They are huge. They are colorful. They are scary. They are the butterflies that hit my stomach when darkness begins to fall. My mouth goes dry, the mind quietens into an almost meditative contemplation of fear, and the hands and legs prepare themselves to rebel. It’s funny really – I never thought something as mundane as learning a new skill will change my entire mental makeup so much. I have gained a whole new respect for the words, fear and failure. And of course, I’m thinking hard about desires. Desire to succeed, desire to compete, desire to accomplish what seems like cake walk to others. My mind insists on conjuring up childhood experiences that I can’t quiet recall. I’m not sure if I can trust what it’s trying to give me as an excuse for that adrenalin rush, the bad sort of it.
How hard can it be? I know am smart, am quick and am pretty determined – but when am in the water, I become all that I am not! It’s terribly scary – to think a side of me exists that’s ready to accept fear and the imminent failure that will go with it if I don’t overcome the former. I stand in the water watching people swim by like pretty fishes in their colorful suits, splashing water in my face in direct mockery of my fear. Their every hand movement taunts me – see, no one is holding me and yet am able to do this… what of you? Maybe you should attach an artificial set of hands to your own so that you can pretend am holding you, someone says. I laughingly agree on the outside and cringe inside. No, this can’t be me. Or is it?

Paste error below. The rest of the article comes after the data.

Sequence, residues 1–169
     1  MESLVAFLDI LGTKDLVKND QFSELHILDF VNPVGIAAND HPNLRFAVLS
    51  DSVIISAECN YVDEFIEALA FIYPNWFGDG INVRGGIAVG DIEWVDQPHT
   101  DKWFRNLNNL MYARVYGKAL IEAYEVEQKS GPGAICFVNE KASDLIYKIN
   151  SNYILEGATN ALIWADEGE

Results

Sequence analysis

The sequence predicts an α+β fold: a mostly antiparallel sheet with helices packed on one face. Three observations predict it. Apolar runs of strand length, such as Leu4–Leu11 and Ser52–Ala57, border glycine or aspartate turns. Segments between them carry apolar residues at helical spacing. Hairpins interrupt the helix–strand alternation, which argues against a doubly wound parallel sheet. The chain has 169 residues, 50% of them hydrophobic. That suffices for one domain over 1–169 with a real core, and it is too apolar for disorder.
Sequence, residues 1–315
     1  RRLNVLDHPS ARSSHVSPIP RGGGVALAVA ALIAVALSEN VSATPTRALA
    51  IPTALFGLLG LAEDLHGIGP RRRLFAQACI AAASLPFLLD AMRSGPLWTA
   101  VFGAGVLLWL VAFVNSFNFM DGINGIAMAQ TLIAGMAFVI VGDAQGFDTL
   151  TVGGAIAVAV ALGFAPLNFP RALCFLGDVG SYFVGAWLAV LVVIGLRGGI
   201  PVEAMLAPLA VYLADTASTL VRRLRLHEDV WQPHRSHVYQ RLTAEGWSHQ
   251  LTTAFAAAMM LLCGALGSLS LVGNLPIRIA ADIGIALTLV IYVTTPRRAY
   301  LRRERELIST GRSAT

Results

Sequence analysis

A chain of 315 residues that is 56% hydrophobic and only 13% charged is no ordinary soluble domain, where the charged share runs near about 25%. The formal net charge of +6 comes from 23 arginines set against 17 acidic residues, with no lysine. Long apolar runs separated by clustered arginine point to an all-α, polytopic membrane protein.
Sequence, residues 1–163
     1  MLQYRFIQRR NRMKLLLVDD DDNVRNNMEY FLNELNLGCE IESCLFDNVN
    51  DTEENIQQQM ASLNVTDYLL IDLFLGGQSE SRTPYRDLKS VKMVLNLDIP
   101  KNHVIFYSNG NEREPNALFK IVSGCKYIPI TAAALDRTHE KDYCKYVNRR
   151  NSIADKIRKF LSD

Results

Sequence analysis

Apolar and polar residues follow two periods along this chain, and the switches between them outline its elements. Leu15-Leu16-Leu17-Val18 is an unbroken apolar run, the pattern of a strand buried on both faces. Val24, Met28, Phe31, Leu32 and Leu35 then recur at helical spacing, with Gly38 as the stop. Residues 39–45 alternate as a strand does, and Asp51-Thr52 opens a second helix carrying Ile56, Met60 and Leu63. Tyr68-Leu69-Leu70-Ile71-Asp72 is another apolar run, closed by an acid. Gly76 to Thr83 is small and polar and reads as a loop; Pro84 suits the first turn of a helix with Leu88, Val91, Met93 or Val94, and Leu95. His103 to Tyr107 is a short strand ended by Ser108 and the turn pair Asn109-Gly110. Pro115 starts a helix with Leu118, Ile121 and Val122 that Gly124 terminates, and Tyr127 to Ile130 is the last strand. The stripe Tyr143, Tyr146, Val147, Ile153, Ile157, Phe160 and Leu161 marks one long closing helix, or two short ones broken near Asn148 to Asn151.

I vaguely remember reading that the first step to overcome fear is to accept it. Then take its hands and ask it to accompany you – ask the fear to give you company, make it your friend. Talk to it and tell it to give you a free moment. Don’t ever try to deny it.
So okay, I’ve done that. I’ve accepted it, embraced it, and am taking it along every day with me to my classes. But it’s yet to give me a moment free. The mind is so silly – it fancies having been born as a cat or some other water-hating creature in the previous birth. Leftover Karma, it offers. I am not able to dismiss it as silly though. I frantically grab it as I do my instructor's hands inside the water, hoping that I will be able to learn swimming without ever having to float alone inside the water. What did I tell you? Silly it is!
Ha, I do hope I don’t embrace what might follow the fear. I don’t think I want to make friends with failure. The mind is actually clever too – it immediately retorts, why have the desire? Maybe it is just not meant to be!
Oh, I tell you…they are quiet a killer team. Fear, failure and the face of desire.